2024 4Runner soldiers on with two new paint colors, not much else
Though typically known for its conservative product cycles, you may have noticed that Toyota (and its luxury brand Lexus) have been busy rolling out entirely new or heavily refreshed models over the past 18–24 months. Stalwarts like the Tundra, the Sequoia, the Tacoma, and even the Land Cruiser have made the leap to hybrid tech and engineering that looks fit for another half-decade or more of service. Lexus rolled out the new GX and LX, along with an entirely new SUV, the TX, and even an all-electric vehicle, the RZ 450e.
The 4Runner, Toyota’s workhorse body-on-frame SUV, will make no such leap for the 2024 model year. Instead, the old but proven machine will make do with just two significant updates, both of them courtesy of the paint department.
The range-topping 2024 4Runner TRD Pro will be treated to a new paint color, dubbed “Terra” by Toyota’s stylists. The earth tone is sure to appeal to those who want to drop a hefty chunk of change for a ready-to-roll overlander. Another color, Underground, will be available for other 4Runner models.
The 4Runner lineup remains virtually unchanged, otherwise. You can opt for 2WD or 4WD on most trims, though the off-road-oriented TRD Pro and TRD Off-Road models offer part-time 4×4 with a manual transfer case exclusively. The 4Runner Limited can be had with either 4×2 or full-time 4×4, the latter of which utilizes a Torsen center differential and a console-mounted switch to engage 4WD rather than a second lever for the transfer case.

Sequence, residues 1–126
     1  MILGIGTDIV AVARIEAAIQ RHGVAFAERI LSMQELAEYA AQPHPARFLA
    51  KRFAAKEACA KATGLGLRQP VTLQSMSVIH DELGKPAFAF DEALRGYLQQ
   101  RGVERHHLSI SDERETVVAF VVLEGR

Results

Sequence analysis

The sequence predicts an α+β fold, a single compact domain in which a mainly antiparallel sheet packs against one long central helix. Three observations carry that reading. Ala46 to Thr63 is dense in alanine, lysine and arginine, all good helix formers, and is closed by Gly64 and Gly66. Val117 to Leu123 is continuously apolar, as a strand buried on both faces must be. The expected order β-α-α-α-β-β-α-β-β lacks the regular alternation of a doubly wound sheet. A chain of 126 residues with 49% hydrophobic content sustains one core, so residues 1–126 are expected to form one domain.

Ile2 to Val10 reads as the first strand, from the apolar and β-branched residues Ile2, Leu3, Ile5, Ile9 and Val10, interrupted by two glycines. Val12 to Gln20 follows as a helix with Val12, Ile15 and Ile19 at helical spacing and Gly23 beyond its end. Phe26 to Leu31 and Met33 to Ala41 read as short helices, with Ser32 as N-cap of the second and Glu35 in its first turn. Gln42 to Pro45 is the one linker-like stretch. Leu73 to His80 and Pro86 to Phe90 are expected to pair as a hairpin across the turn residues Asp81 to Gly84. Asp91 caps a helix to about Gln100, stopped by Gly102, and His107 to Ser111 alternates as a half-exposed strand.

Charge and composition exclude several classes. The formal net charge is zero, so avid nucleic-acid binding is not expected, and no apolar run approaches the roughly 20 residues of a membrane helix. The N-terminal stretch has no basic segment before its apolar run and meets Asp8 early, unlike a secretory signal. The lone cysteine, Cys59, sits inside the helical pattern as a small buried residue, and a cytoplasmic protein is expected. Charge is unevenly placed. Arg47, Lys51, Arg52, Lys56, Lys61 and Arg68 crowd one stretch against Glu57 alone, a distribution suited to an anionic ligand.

Trim-wise, you’ll have the following choices: SR5, SR5 Premium, TRD Sport, TRD Off-Road, Limited, and TRD Pro. On the cheaper end, a 2024 4Runner SR5 4×2 will run you at least $41,850, including a $1395 destination fee. At the pricier end, the 4Runner TRD Pro, kitted out with heavy-duty underbody armor, high-tech Fox internal-bypass shocks, Nitto Terra Grappler tires, and more will run you at least $56,315. That’s up just $300 over the 2023 model year‘s TRD Pro asking price. Not bad, all things considered.
Mechanically, while its adventurous siblings have ditched free-breathing engines for turbocharged four- and six-cylinder engines often aided by hybrid componentry, the 4Runner will soldier on with a tried-and-true 4.0-liter V-6 making 270 horsepower and 278 lb-ft of torque sending power through a five-speed transmission. Yes, both the engine and the gearbox are old dogs, but there’s no point in trying to teach new tricks here—especially when, with the new Tacoma, we’ve seen what’s almost certainly ahead for the 4Runner.
Somehow, despite this fifth-gen 4Runner debuting in 2009, it feels as though product updates have arrived even slower than normal. However, viewed in the context of what the 4Runner stereotypically trades on—dead-nuts reliability, a capable platform, and extensive aftermarket support that has had more than a decade to develop every part under the sun—meager changes to a proven formula make all the sense in the world.